We think the court was right in holding that the defendant had, under the circumstances shown by the foregoing statement, waived his right to challenge the juror on the ground that he was not assessed on the assessment-roll, etc. Section 1087 of the Penal Code reads as follows: “The challenges of either party for cause need not all be taken at once, but they must be taken separately, in the following order: 1. To the panel; 2. To an individual juror, for a general disqualification;
3. To an individual juror, for an implied bias; 4. To an individual juror, for an actual bias.”
The foregoing section was, of course, intended to achieve some purpose, and if it can be given effect without impinging upon any of the vital rights of parties to actions, which are tried by a jury, it is manifestly the duty of the courts to so construe and apply it as that it may be enforced in all proper cases.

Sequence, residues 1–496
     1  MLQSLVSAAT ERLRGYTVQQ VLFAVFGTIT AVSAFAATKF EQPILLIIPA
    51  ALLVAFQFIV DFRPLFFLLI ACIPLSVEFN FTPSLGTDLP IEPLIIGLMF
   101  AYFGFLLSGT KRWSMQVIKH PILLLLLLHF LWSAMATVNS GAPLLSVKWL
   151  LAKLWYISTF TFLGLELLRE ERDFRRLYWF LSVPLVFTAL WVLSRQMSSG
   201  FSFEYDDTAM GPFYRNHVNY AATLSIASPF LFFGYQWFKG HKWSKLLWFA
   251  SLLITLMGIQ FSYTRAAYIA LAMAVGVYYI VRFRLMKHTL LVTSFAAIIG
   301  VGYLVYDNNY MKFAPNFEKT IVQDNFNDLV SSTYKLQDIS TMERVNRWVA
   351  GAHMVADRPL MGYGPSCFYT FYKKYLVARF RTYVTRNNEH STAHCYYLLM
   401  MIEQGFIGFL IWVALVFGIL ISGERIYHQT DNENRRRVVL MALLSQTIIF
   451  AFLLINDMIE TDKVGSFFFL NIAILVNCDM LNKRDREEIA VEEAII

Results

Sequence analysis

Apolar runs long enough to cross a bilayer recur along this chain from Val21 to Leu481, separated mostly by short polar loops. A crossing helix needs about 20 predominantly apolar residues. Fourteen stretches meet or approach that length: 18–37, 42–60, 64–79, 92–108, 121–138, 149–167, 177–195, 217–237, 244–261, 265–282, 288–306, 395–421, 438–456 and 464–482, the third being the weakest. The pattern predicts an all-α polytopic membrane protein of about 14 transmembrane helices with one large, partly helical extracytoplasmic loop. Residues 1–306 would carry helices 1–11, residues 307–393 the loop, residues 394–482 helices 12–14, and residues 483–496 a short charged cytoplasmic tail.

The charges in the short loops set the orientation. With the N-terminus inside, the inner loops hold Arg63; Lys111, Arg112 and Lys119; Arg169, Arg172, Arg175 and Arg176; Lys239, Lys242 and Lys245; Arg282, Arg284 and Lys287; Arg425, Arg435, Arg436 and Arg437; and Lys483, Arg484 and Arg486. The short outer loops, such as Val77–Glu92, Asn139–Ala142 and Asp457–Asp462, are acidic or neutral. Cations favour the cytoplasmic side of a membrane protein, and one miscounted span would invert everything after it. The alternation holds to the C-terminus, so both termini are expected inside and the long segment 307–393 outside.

It is very clear that the consideration which prompted the legislature to provide for the challenging of a person drawn as a juror for a general disqualification first in the order in which said section of the Penal Code declares that challenges to an individual juror shall be taken was to save time and expense in the trial of cases by jury, it being a matter of common notoriety that the examination of jurors upon the question whether they entertain bias, actual or implied, for or against either party or with reference to the case ordinarily consumes a vast amount of time. The design of the section was, therefore, to require litigants, in the matter of impaneling juries, to ascertain, first of all, whether persons drawn into the jury-box possess the general qualifications prescribed by section 198 of the Code of Civil Procedure and that, if grounds exist therefor, to challenge and thus get rid of such persons without taking up the time of the court, at great expense to the litigants, or to the county, if the case is one that involves the prosecution of a criminal charge, with a length voir dire examination addressed to the question whether they do or do not entertain such personal opinions with regard to the case as would or would not prevent them from trying the issues of fact intelligently and with perfect fairness and impartiality.